Self-employed? Three ways a mortgage broker can help
Are you self employed, work as a contractor, or rely heavily on seasonal work as your main source of income?
Not everyone has a full time job with steady income hitting their pockets each week, therefore applying for a home loan can be a challenge. Luckily mortgage brokers have a lot of experience with customers that are self employed and want to borrow for buying a new home. There is no denying it, being your own boss has its perks, however you may find that this is not the case as your situation may not fit the bank's mould when it comes to assessing a home loan application. The reason for this is because most banks need to see up to a 24 month trading history including IRD income tax returns.
Feeling worried? Don't be, it isn't all bad news. Depending on your situation there are a few options to consider and the best plan of attack is to talk directly to a mortgage broker.
Here are the top 3 questions our advisors get asked from our self employed customers:
1. I HAVE A DEPOSIT - WILL THIS HELP?
Whether you’re self-employed or on PAYE, borrowers will require a deposit toward your home purchase. As a general rule, most banks ideally require a 20% contribution from you. This usually comes from savings, sale of an asset, previous equity in another property, or in some cases we can include a gift from Mum and Dad. The value of your business does not typically qualify as equity toward the home purchase. If you don’t quite have the 20% deposit yet, talking with you mortgage broker can still help with a number of other finance options.
2. HOW IS MY INCOME ASSESSED BY THE BANK?
This varies depending on the credit policy of each Bank, and how long you’ve been in business for. Some Banks calculate your income based on shareholder’s drawings/wages, whilst others will also allow for depreciation and interest costs to be added onto this. There are many variables, and you may find your existing Bank is not as flexible as others. That’s why it’s so valuable to seek a trusted Mortgage Advisor to do the work for you (free of charge !) and find the very best solution that suits your needs.
3. WHAT CAN A MORTGAGE BROKER DO THAT MY BANK MANAGER CAN'T?
Mortgage advisors (otherwise known as mortgage brokers) have a depth of experience with small and medium sized businesses. A broker will either liaise with your current bank or find the best solution for you to make the process painless, fast and easy.
Many of our self-employed clients choose to use a trusted Mortgage Broker. They often tell us of the many frustrations they can experience when going directly to their Bank, and our readers might relate to some of these:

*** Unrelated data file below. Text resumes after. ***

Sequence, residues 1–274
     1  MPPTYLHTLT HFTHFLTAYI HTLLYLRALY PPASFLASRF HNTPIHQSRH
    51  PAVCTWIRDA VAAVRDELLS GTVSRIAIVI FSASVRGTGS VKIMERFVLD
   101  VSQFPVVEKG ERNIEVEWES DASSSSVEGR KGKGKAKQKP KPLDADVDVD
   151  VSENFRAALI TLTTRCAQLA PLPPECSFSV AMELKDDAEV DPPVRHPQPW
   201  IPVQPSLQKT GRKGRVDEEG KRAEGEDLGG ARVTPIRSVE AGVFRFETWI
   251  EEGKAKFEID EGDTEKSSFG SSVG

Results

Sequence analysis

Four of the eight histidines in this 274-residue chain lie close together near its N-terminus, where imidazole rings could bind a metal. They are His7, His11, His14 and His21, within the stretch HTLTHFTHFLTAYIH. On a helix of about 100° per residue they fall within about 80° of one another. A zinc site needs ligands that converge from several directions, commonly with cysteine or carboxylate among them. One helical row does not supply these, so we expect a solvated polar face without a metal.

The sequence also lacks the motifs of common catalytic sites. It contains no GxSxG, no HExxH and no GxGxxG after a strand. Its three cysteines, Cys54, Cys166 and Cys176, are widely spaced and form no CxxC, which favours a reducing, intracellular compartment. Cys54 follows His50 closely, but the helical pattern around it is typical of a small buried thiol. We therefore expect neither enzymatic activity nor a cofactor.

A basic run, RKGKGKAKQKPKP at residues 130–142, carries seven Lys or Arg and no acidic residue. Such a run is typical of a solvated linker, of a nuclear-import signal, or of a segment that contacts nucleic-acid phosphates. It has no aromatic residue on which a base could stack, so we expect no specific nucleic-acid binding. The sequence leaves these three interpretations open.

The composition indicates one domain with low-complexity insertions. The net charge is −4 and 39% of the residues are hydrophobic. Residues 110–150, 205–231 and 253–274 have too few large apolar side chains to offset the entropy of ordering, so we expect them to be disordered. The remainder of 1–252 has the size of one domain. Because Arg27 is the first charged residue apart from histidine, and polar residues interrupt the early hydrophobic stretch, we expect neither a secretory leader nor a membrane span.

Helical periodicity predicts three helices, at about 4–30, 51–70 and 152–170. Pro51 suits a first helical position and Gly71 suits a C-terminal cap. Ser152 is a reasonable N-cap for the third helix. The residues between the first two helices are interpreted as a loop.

“I don’t know if I’ve even got a relationship manager at the Bank, let alone who it is – that’s ironic”
“She told me she’s managing 300 other business accounts and can’t get to my request for at least a week”
“He’s away on holiday for a fortnight & nobody else seems to know what to do”
“The Branch staff often don’t have the skills, & I don’t want to deal with some Business Manager by phone”
It's not that banks specifically dislike self-employed customers, but it does take more time and effort to work through a loan application than someone on PAYE. Self-employed clients usually have good Accountants who try to minimise income for IRD purposes, but this can present challenges for the Bank. Our Mortgage Advisors have a depth of experience with small/medium sized businesses.
We quickly understand your financial requirements and impacts on Balance Sheet, P&L, etc...
We will liaise with your accountant where necessary to determine best loan structures
We put together and present a tailored borrowing proposition for the lender to assess
The lender can make an informed (quick!) decision - we've done all the work for them
Stephanie Murray Mortgages are available at a time and place that suit you for a free no obligation chat. Contact Us Today
Check out what our customers are saying about us in the latest testimonial video from Annalee Muggeridge - Makeup By Annalee
This information is general information only and must not be relied upon as legal advice. A disclosure statement is available here.